A 91-YEAR-OLD heart attack patient was forced to spend eight hours "slumped" in an ambulance while waiting for a hospital bed.

Elizabeth Davies, from Cwmbran, was taken to hospital shortly after 9am last Friday, but when her daughter called her mobile seven hours later, she was shocked to hear a paramedic's voice on the other end of the line.

"He said she was still in the ambulance," daughter Pat Passaro said. "She was a 91-year-old who'd had a suspected heart attack."

Aneurin Bevan University Health Board has apologised for Mrs Davies' experience, and said wider pressures including the pandemic and staff shortages were "preventing the flow of patients through our hospitals".

The Welsh Ambulance Service said it was "essential" for its vehicles to be responding to incidents in the community, "so it’s not helpful when crews spend many, many hours outside emergency departments before their patients are taken into the hospital".

Since opening in late 2020, the Grange University Hospital has been criticised repeatedly by patients and their relatives over long delays at the front door. Just this week, the health board urged people to "think carefully" before attending the Grange because of "unprecedented demand" on services.

Mrs Davies' experience is the latest in a string of complaints about waiting times at the hospital - including an 86-year-old man with Alzheimer's who waited 13 hours outside the Grange after falling at his care home, and an 84-year-old woman who spent 24 hours in ambulances outside the hospital after suffering a head injury.

'Why are they in this plight?'

In Mrs Davies' case, daughter Mrs Passaro said she was "appalled" to arrive at the Grange - which houses Gwent's only accident and emergency (A&E) department - and find a queue of "around 10" ambulances outside, containing patients who were waiting to be admitted.

Her mother, who had already received a triple bypass after a previous heart attack, appeared "frail" and "totally stressed", and had only left the ambulance for several trips to the toilet, being wheeled in and out by paramedics in the "freezing cold".

When she asked A&E staff why there was such a long delay, Mrs Passaro told the Argus the reply was "we don't have any beds".

Mrs Davies was eventually admitted to a ward, where doctors confirmed she'd had a heart attack. She spent several days at the Grange and is now recovering, but continues to suffer back pain after her long wait in the ambulance.

"My mum came out of there OK, but it could have been very different," her daughter said. "This is not to knock the care professionals; they did a fabulous job.

"All credit to them but why are they in this plight?"

Queues of parked ambulances outside the Grange mean those vehicles cannot be sent to other emergencies. This is at a time when the Welsh Ambulance Service remains under extreme pressure, with record-high callouts reported in recent months; and amid proposals to cut the number of vehicles at ambulance stations in some Gwent towns.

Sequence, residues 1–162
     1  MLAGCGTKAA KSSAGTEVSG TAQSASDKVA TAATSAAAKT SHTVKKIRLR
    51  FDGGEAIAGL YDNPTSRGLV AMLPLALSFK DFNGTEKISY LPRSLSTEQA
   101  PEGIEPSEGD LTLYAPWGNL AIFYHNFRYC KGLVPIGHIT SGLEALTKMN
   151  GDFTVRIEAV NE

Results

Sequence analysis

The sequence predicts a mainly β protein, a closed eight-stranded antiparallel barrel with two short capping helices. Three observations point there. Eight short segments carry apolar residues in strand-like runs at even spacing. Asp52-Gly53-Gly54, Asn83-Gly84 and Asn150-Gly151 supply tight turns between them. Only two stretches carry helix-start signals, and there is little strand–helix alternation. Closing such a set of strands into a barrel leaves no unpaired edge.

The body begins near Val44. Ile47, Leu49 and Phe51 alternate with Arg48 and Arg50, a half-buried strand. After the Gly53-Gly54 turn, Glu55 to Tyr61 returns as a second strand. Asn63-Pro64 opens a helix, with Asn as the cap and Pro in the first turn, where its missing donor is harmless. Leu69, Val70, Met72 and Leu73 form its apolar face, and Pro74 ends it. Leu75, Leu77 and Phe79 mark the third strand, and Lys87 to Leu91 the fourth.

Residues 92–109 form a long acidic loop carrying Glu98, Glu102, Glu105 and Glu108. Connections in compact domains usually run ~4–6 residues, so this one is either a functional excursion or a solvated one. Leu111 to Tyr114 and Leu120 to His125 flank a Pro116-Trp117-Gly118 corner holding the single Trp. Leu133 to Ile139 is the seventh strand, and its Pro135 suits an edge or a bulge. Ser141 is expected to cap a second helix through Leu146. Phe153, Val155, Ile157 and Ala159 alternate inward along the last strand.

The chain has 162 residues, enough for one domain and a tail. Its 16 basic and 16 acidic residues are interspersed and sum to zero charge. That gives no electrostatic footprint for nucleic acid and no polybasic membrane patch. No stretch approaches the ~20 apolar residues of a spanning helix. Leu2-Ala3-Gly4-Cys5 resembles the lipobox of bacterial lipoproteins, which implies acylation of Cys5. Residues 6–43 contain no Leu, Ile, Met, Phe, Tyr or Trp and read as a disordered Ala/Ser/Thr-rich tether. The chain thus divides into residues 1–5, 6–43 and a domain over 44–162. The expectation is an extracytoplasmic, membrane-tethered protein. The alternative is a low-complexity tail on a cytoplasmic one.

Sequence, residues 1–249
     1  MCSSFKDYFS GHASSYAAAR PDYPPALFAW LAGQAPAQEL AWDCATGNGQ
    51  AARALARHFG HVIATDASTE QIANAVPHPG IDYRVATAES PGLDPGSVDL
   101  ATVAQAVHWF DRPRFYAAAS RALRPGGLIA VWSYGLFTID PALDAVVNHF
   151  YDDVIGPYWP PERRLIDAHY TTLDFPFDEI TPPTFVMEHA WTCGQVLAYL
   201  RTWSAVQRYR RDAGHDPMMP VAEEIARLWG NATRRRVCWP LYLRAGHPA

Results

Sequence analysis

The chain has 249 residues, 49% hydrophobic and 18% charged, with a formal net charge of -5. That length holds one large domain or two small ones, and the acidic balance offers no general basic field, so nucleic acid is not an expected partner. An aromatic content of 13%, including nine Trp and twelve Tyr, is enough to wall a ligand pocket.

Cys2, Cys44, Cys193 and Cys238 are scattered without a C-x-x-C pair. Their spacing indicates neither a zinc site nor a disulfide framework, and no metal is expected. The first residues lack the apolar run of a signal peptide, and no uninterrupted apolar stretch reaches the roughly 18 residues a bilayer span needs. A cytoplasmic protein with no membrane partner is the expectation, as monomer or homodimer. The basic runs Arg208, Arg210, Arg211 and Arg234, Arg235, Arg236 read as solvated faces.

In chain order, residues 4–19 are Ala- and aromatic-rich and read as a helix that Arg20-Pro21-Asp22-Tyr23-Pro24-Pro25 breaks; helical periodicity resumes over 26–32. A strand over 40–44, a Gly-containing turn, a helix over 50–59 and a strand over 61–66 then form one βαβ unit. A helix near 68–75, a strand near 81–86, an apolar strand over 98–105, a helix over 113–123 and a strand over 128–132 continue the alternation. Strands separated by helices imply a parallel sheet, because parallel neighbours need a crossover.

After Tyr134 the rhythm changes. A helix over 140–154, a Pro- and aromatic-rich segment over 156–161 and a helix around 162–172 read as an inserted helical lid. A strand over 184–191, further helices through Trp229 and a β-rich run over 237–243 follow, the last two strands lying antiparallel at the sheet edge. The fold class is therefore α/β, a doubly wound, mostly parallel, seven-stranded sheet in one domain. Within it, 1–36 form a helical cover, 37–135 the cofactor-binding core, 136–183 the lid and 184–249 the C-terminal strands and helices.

Frustrations over Mrs Davies' experience were capped by the feeling such scenes - of queuing ambulances and long delays at A&E - were nothing new. "It happens every day" is what one staff member reportedly remarked to her daughter.

What did the health board say?

"We’re very sorry that Ms Davies experienced such a long wait for a hospital bed - this is not the level of care that we aim to provide to our patients," a spokesperson for Aneurin Bevan University Health Board said.

"As in other areas of Wales and the UK, the knock-on effects of the Covid-19 pandemic and staff shortages across health and social care are preventing the flow of patients through our hospitals, which results in longer waiting times in our emergency department.

"When patients arrive at [A&E], they are initially assessed by a nurse and their care is prioritised according to the seriousness of their condition. All patients requiring life-saving treatment are brought straight into our resuscitation department without delay.

"Though national Covid-19 restrictions may have eased, we must still maintain strict Covid-19 infection control measures within our hospitals to protect our vulnerable patients, which also impacts on how effectively we are able to operate.

"We continue to work with our colleagues in the Welsh Ambulance Services NHS Trust to ensure the timely transfer of patients into our care, and to release ambulance crews as swiftly as possible so that they can respond to emergency calls in our communities.

"We are also working very closely with our colleagues in social care to support patients who are currently in our hospitals, but fit for discharge, to allow them to be sent home safely with additional support in place.

"We would like to thank our staff for their hard work in such challenging circumstances, and our patients for their co-operation and understanding at this time."

What did the ambulance service say?

"Despite ongoing efforts over the years, hospital handover delays remain a serious and long-standing issue," Lee Brooks, the director of operations at the Welsh Ambulance Service, said.

"As an emergency ambulance service we deliver immediate and life-saving interventions, and when it is needed, take patients promptly to hospital for treatment.

"Being available in the community to respond to people is therefore essential, so it’s not helpful when crews spend many, many hours outside emergency departments before their patients are taken into the hospital.

"For the Welsh Ambulance Service, this is about getting to the root cause of complex systemic issues in order to resolve them, rather than adapting to a situation so that it becomes the new normal.

"As we hopefully move toward living with Covid, we will continue to work with a range of colleagues to make improvements and effect change, inclusive of the services that we provide."